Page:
But there is a price to pay for doing so…braving the special brand of cold that welcomes ridgetop visitors! Golden Eagle season occurs from mid-October through December and strong winds are a key ingredient for supporting eagle flight. The confluence of frigid temperatures and high winds isn’t for the faint of heart, but for those willing to endure the chill, the opportunity to catch a glimpse of an elusive, golden bird of prey makes it all worthwhile. When conditions are good, more than a dozen goldens might pass overhead. But on rare days, when everything comes together just right, visitors might be treated to the sight of several dozen goldens silhouetted against the blue. Either way, volunteer counters are always eager to regale visitors with the history of the site, reminisce about big count days, and help with identification.

The Allegheny Front Hawk Watch has been collecting high quality data for more than 25 years and still counts some of the original hawk watchers among its ranks. Always looking to bring new birders into the flock, APAS actively recruits younger hawkwatchers, cultivating their skills over multiple seasons to preserve an age-old tradition that has increased our understanding of raptor migration and led the way in community science efforts.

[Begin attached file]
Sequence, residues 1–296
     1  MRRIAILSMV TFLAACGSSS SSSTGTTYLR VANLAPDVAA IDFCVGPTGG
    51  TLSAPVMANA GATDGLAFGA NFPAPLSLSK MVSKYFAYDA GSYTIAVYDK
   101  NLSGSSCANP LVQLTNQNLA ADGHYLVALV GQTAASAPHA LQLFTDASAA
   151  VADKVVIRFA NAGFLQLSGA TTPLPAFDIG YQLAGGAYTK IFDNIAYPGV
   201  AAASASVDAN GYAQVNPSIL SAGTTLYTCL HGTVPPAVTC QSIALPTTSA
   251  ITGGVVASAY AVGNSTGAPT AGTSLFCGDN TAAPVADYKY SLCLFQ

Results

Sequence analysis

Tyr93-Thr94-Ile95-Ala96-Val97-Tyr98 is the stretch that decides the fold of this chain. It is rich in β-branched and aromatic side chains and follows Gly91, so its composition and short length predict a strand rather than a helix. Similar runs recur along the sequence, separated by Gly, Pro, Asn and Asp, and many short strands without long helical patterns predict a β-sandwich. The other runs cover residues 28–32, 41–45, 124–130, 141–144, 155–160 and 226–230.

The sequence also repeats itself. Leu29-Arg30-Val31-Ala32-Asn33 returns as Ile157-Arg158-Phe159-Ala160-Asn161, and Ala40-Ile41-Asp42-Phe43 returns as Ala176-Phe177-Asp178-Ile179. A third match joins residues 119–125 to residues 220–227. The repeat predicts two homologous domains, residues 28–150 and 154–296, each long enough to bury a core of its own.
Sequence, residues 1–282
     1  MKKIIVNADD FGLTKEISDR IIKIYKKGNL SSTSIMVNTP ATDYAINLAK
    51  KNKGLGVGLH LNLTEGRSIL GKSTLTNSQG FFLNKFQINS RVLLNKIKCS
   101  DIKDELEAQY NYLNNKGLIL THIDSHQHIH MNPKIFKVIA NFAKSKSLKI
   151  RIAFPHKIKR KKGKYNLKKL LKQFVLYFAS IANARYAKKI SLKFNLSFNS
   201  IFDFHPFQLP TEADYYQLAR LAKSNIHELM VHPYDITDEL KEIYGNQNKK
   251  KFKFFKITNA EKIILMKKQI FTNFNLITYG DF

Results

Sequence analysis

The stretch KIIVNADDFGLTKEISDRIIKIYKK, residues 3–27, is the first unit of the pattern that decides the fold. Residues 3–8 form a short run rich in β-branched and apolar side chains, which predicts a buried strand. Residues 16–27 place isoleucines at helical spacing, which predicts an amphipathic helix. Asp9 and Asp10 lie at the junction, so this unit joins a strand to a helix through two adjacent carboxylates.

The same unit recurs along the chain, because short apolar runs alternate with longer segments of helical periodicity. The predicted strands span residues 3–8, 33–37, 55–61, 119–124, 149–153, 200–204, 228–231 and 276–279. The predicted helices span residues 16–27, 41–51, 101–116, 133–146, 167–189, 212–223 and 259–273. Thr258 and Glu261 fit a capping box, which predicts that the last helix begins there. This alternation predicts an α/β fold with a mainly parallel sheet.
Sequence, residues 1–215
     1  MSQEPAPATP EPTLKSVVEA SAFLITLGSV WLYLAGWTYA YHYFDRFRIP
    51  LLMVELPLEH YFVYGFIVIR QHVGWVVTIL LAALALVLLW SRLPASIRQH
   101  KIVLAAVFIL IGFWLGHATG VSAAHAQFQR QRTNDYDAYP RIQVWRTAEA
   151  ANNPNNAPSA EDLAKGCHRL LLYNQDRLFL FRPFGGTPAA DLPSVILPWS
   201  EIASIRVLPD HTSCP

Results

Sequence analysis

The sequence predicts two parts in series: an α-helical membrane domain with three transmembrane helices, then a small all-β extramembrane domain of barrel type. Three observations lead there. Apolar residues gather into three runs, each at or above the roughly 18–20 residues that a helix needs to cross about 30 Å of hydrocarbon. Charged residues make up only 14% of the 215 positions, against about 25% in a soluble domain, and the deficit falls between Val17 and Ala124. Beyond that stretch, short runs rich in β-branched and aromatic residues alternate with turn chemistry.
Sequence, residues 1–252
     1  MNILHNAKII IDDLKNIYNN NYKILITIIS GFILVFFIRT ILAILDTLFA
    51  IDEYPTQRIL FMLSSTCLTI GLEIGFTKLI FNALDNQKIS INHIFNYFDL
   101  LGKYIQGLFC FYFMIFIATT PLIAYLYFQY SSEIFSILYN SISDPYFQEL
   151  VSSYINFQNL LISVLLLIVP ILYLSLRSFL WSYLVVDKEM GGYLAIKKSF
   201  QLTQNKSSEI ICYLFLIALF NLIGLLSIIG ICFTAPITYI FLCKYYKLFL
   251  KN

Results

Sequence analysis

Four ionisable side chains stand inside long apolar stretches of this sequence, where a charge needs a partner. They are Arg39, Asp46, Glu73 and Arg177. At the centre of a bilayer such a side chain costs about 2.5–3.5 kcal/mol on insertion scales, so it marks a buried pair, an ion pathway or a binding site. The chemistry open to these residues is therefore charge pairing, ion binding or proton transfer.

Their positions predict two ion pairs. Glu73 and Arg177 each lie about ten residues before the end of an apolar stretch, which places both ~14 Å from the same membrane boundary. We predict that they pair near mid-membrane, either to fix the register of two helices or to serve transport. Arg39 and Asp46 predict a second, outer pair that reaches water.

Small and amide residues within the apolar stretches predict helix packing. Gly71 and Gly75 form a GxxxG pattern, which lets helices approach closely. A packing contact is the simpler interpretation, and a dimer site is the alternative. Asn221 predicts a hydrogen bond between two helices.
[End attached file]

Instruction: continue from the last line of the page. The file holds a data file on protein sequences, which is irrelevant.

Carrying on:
The Allegheny Front Hawk Watch welcomes public participation during fall migration from mid-August to early December and in spring from late February to May.

Golden Eagle. Photo: Dave Poder/Allegheny Plateau Audubon Society
Eastern Phoebe
Come Together: Virtual Fall Mid-Atlantic Chapter Gathering
Mark your calendars for the 2021 Mid-Atlantic Audubon Virtual Chapter Gathering on Friday, November 19th and Saturday 20th.

We’ll gather on Friday evening to hear from Mid-Atlantic staff on program highlights and updates. And on Saturday, we have a full day of speakers and discussion sessions. We plan to offer four tracks based on the priorities that you shared through your survey responses and our leadership call discussion. 

Sign up today and stay tuned over the next few weeks for a full agenda as presenters and sessions are confirmed. 
Eastern Phoebe. Photo: Robyn Newman/Audubon Photography Awards
Register for the 2021 Virtual Chapter Gathering Here!